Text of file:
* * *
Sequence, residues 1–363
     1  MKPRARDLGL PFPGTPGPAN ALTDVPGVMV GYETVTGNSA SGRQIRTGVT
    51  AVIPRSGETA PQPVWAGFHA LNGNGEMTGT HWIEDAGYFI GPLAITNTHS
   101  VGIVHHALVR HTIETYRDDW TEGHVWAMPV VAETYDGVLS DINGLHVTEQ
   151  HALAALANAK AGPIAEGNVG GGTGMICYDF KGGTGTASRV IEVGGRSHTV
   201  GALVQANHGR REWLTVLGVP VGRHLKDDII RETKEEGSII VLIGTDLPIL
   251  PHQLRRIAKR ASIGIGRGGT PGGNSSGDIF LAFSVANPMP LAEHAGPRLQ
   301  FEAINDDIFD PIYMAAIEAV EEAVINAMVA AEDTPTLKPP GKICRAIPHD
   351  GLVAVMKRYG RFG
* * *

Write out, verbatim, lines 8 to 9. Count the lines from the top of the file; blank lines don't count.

   301  FEAINDDIFD PIYMAAIEAV EEAVINAMVA AEDTPTLKPP GKICRAIPHD
   351  GLVAVMKRYG RFG